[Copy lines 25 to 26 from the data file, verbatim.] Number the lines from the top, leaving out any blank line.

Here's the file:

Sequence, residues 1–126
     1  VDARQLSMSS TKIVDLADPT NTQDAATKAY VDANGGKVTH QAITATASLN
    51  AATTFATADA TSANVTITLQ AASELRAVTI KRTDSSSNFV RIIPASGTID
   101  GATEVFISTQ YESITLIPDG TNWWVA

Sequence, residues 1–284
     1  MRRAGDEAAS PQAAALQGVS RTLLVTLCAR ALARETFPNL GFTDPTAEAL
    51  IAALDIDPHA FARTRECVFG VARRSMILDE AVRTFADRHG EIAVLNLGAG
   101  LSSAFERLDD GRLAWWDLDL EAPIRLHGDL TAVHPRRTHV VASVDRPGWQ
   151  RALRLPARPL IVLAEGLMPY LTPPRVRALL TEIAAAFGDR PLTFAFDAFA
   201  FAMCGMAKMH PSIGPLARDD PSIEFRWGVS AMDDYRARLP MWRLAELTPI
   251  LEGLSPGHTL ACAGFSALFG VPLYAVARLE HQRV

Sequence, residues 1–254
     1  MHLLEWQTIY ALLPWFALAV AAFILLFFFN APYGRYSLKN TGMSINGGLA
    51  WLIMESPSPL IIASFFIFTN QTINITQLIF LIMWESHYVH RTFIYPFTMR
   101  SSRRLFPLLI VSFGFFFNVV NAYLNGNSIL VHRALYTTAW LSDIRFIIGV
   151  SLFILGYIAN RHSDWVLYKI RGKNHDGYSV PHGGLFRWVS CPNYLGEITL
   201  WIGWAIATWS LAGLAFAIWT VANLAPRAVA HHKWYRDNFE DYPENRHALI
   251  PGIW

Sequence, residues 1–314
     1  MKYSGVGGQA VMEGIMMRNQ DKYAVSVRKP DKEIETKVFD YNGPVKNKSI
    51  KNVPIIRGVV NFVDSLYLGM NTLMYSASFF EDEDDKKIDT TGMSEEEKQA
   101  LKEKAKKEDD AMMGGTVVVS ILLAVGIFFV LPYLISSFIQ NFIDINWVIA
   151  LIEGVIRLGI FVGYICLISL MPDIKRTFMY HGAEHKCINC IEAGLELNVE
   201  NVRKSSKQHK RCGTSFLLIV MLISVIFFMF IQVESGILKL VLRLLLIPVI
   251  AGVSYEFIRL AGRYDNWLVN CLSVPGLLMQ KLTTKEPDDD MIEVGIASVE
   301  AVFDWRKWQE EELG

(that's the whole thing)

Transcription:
   251  AGVSYEFIRL AGRYDNWLVN CLSVPGLLMQ KLTTKEPDDD MIEVGIASVE
   301  AVFDWRKWQE EELG